2 November 2021
What is COP26 and what does it mean for the leather industry?
During the first two weeks of November, world leaders, policymakers, NGOs, and businesses will all descend on the city of Glasgow for talks on how to tackle climate change and understand the current progress towards the goals of the Paris Agreement and the and the UN Framework Convention on Climate Change (UNFCCC).
What is COP26?
COP stands for ‘Council of Parties’, referring to those governments that signed the UNFCCC in the 1990s. COP26 is the 2021 UN Climate Change Conference (UNCCC), the 26th summit in the series.
The UNCCC is the world’s most important summit on climate change, allowing global leaders to make decisions that may have far-reaching implications for citizens, governments, businesses and indeed the future of the planet.
What does COP26 hope to achieve?
The 2021 conference will act as a pulse check for global progress towards the goals of the 2015 Paris Agreement, which aimed to limit global warming to a maximum of 1.5 degrees by 2050. COP26 will be structured on four key areas:
Secure global net zero by mid-century and keep 1.5 degrees within reach
Adapt to protect communities and natural habitats
Work together to deliver
To secure global net zero and reach the 1.5-degree goal, governments will need to commit to phasing out the use of coal, curtailing deforestation, accelerating the switch to using electric vehicles (rather than those powered by fossil fuels), and encourage investment in renewable energy sources.
To protect our communities and natural habitats, we must protect and restore global ecosystems, and create defences, warning systems and resilient infrastructures. Only by adapting to the already changing climate will we be able to avoid the loss of homes, livelihoods and even lives as a result.
Mobilising finance from both the public and private sectors will help to support climate actions, secure global net zero and have the biggest impact.
Tackling the climate crisis will require collaboration on a major scale, between all countries, governments, companies, NGOs, and even civil society. Only by working together can we hope to achieve the ambitious goals of the 2015 Paris Agreement.
What might this mean for the leather industry?
To address this planetary-scale challenge, all industries will need to evaluate their own contributions to climate change, such as their emissions and use of resources — and the leather industry is no exception.
Due to the nature of leather as a material – a by-product of the meat industry – it is likely that efforts to curtail deforestation caused by cattle ranching may impact the leather value chain through legislation on commodities. At present, the UK and EU have proposed future due diligence legislation that would require brands and retailers ensure there is no deforestation within their supply chains, although only the UK has included leather within their scope.
As the push for sustainable and responsible leather manufacturing grows, innovation will be required to ensure the production of leather uses minimal resources and causes minimal waste.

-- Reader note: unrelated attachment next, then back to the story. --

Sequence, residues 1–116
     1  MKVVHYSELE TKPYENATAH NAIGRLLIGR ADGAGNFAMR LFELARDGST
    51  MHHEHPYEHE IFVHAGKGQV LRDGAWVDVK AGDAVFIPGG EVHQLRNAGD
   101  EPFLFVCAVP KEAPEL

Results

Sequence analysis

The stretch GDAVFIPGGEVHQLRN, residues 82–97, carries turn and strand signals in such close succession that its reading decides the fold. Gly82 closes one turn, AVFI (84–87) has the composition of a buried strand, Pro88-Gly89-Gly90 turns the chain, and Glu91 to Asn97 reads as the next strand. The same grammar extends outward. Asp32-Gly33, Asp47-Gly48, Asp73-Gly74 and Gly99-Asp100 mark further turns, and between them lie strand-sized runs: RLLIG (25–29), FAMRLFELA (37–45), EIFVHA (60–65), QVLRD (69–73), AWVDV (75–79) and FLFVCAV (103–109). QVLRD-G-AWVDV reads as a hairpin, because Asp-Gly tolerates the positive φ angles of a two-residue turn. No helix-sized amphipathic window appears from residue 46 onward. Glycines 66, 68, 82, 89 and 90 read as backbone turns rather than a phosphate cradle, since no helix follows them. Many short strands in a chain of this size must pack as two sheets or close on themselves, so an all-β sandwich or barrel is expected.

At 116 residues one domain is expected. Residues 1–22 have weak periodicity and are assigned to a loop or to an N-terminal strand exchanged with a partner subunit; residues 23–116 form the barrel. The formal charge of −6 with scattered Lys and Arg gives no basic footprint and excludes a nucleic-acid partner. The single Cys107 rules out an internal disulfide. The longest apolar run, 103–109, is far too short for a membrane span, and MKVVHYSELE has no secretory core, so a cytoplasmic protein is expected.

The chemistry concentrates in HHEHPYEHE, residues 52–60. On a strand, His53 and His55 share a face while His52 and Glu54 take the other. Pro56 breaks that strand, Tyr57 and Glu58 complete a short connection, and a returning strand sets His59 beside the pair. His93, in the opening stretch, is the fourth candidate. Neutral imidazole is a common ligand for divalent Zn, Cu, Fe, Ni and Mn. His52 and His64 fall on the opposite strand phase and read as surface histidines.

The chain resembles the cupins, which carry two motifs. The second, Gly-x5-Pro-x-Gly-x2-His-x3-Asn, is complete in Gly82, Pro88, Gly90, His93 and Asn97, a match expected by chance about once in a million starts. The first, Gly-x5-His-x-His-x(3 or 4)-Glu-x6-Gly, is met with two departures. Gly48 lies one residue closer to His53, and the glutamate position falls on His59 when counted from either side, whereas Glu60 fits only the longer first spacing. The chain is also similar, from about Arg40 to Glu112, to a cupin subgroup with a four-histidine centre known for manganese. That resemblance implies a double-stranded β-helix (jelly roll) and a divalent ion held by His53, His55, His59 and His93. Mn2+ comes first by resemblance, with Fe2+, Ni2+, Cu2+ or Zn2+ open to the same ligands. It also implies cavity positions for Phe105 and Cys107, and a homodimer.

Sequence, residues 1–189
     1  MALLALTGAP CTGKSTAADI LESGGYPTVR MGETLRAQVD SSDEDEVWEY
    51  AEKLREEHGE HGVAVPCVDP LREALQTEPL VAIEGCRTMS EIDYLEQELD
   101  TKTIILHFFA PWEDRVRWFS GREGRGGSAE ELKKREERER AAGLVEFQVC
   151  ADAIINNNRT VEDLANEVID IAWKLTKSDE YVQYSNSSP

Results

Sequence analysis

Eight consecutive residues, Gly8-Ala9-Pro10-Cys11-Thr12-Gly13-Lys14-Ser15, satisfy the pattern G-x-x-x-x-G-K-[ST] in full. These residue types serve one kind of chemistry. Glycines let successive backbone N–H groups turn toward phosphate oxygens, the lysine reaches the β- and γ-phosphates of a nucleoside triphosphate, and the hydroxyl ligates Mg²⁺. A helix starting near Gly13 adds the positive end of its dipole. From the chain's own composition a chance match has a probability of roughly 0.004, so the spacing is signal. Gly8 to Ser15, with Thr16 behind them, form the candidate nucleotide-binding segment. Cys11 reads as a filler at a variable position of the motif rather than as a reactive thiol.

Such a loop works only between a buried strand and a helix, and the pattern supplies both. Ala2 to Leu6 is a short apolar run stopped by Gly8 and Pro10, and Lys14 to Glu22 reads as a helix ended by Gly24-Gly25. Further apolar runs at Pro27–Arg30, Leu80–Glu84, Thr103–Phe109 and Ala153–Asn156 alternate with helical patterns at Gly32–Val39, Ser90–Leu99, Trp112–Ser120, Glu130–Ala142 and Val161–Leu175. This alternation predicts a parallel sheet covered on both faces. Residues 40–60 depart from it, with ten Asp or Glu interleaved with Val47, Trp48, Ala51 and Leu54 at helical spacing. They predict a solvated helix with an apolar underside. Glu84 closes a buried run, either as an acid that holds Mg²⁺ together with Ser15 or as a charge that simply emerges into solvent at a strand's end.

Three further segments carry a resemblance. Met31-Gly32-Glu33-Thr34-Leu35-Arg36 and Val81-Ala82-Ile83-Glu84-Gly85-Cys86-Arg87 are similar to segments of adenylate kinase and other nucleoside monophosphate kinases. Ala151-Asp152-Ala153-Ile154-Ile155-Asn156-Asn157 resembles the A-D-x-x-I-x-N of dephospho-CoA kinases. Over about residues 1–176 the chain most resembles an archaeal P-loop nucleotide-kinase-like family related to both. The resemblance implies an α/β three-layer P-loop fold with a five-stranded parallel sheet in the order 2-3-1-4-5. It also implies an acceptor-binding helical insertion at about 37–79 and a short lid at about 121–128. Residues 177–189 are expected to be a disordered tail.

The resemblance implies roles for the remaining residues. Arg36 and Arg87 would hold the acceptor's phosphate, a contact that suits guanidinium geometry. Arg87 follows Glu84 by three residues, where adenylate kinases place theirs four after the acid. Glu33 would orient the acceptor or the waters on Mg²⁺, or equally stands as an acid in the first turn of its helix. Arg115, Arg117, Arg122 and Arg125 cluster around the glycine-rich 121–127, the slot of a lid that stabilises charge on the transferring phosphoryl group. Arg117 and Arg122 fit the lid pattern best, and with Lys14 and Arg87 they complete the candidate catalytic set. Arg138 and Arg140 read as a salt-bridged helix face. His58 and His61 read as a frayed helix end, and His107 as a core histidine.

The industry may also see a shift towards a more circular economy, with some brands already embracing the longevity of leather as a material to offer repair programmes that give leather goods a second life.
How can the leather industry create change?
Leather manufacturers can optimise their production processes to reduce the amount of water and energy used in their operations, minimise their emissions and waste going into the environment, as well as choose and manage their use of the chemicals more stringently. In addition to managing the impact of their production processes, leather manufacturers can drive enhanced traceability in their own supply chains.
The Leather & Hide Council of America (LHCA) and the Leather Working Group, along with 27 other international leather industry organizations, have published a Leather Manifesto ahead of COP26, calling on delegates to:
Recognise the positive contribution of natural fibres to reduce climate impact of consumer products
Encourage the use of natural fibres and reduce reliance on fossil-fuel-based materials
Support LCA methodologies that accurately account for the environmental impact of fossil-fuel based materials including the end-of-life properties
Promote ‘slow’ durable products that can be re-used and repaired for a longer lifespan
How can the LWG help?
LWG is committed to support its members and their supply chains to adopt best practices and achieve ambitious climate goals that support the objectives of COP 26. The participatory approach of LWG membership encourages industry alignment and tangible progress on challenging issues such as traceability and emissions.
LWG is taking action on deforestation working to develop tools and guidance for members in partnership with both NWF & WWF. Whilst working to provide greater transparency of data related to the impact of LWG audited sites through the development of a Supplier Score Card. This which will provide our brand members with more access to the data collected during the audits of their suppliers. With more data and information, brands and retailers can ensure they are making informed decisions. For more information on our projects related to deforestation and climate change please get in touch.
For more information about the Leather Working Group’s work, please visit our website or get in touch with us directly.